Recently, I've been seeing speculation on the web about just that. Joss Whedon wants to make a Wonder Woman film - and it struck me that I don't really know about that many other super-heroines. Or female superheroes. Women, in costume, fighting crime. I thought Black Widow, in Avengers Assemble, was brilliant, and I understand Joss Whedon had to do some arguing to even include her in the picture. I liked her so much that I went looking for the comics, and came across something that combined two of my interests. Paul Cornell, who also writes for Doctor Who, wrote a comic called Black Widow, Deadly Origin - which was an ideal starting point for me, because it included a lot of her back-story and some of the other super-heroes that she had been involved with (including Hercules! Which seemed - well, no more bizarre than Thor and Loki, I suppose)
But who else is there?
I grew up with Lynda Carter, twirling around in her red, white and blue outfit as Wonder Woman, and lassoing people with her lasso of truth - but there doesn't seem to have been a film. All those re-boots of Superman, and not one single Wonder Woman film.
But there must be some more?
I'm vaguely aware that Captain Marvel is a woman now (having originally been a man), but I know nothing else about her.
I understand there are female versions of the Hulk (She-Hulk) and Spiderman (Spiderwoman), there's Supergirl and Batgirl - but are all the female superheroes just pale imitations of a male superhero?
I've heard of Scarlet Witch, and Oracle, but I know next to nothing about them, and they certainly haven't been the subject of a film that I know of.
When I first stumbled across comics, my immediate favourite was Green Arrow, because of the archery - but he had a girlfriend called Black Canary, and I thought she was extremely cool. Not sure about the fishnet tights and blonde wig, but as a character, I thought she was very good.
So, where are the interesting, three dimensional, female superheroes? And why can't there be a film about even one of them?

Wednesday, 19 June 2013

What has it got in its Pocketses?

Not a lot, if you're a woman and your clothes have been designed without any!

Kyle Cassidy wrote a post about this on her blog, back on the 29th April, and I found it re-posted on Swan Tower blog. She also wrote a follow up post on 2nd May.
Basically, she was complaining about the design of women's clothes. Men's clothes almost always have pockets. Trousers, jackets - they all have places for men to keep their keys and loose change and whatever else they want to carry around with them. Some women's clothes have pockets, but a lot of women's jackets have fake pockets - just a flap with nothing inside - and skirts rarely have pockets. (I'm wearing a skirt now that has one tiny pocket at the back - it's almost impossible to put anything useful in it).

This is not a new problem. When I worked at the Children's Bookshop, I used to browse in the quiet times, and I came upon some fascinating articles in bound volumes of old Girls' Own magazines. These are wonderful big books, with pictorial board covers and gilt lettering, and they date from the late Victorian era into the early 20th century.
In one of them, I once found an article which was almost identical to the recent blog post! There were even line drawings of young ladies' skirts with and without pockets, with a plea for a sensible approach to dress making (a lot of girls would have been sewing their own skirts) by adding pockets to keep such useful items as a handkerchief or pair of scissors, or small change when they went out.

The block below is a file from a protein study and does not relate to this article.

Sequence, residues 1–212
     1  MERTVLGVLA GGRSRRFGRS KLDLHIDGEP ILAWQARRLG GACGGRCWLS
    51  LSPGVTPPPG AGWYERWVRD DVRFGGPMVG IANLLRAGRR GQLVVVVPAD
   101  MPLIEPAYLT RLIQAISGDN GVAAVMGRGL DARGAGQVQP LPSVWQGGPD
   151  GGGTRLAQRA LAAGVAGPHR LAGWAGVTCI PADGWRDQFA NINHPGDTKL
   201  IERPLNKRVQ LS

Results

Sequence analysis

It's a piece of advice I heeded when I sew my own skirts - I usually use a pattern of an A-line skirt with built in pockets on the seam. I have quite basic sewing skills, but this is an easy one to do.
When I find myself wearing clothes without pockets, I use one of my medieval re-enactment pouches on a belt - prettier than the modern bumbags, I think! It's very rare that I carry a handbag.

What we need, as we needed a hundred years ago, is for clothing designers to actually think about how women will be wearing the clothes they are making, and what women will be doing when they're wearing them.

Sunday, 16 June 2013

Pilgrims and Posies: Faded Beauty

Pilgrims and Posies: Faded Beauty: A while ago we were at a fair in the midlands and took advice from a friend to take a diversion on the way home to go to see the church of S...

As a re-enactor, I'm interested in blogs about other re-enactors, and this one is interesting because of the focus on music and pilgrimage.  This particular post caught my eye because it concerns Ashby St Legers, a village not far from Rugby.  The church is rather wonderful, but there's more to the village than the church.  I used to visit regularly, when visiting my in-laws in Rugby - mainly, I have to admit, for the pub, the Olde Coach House.  In those days it was a very good real ale pub, and did good food - it may be that it still does, but be that as it may, it has a lovely garden to sit in.
Anyway, next door to the church was the manor house, where Catesby of the Gunpowder Plot once lived.  In fact the room over the gatehouse was pointed out as the room where the plotters met.  These were people so incompetent that they thought it was a good idea to have their portraits painted as a group before they put their plot in motion - and they also thought it was a good idea to dry out damp gunpowder by spreading it out in front of an open fire.....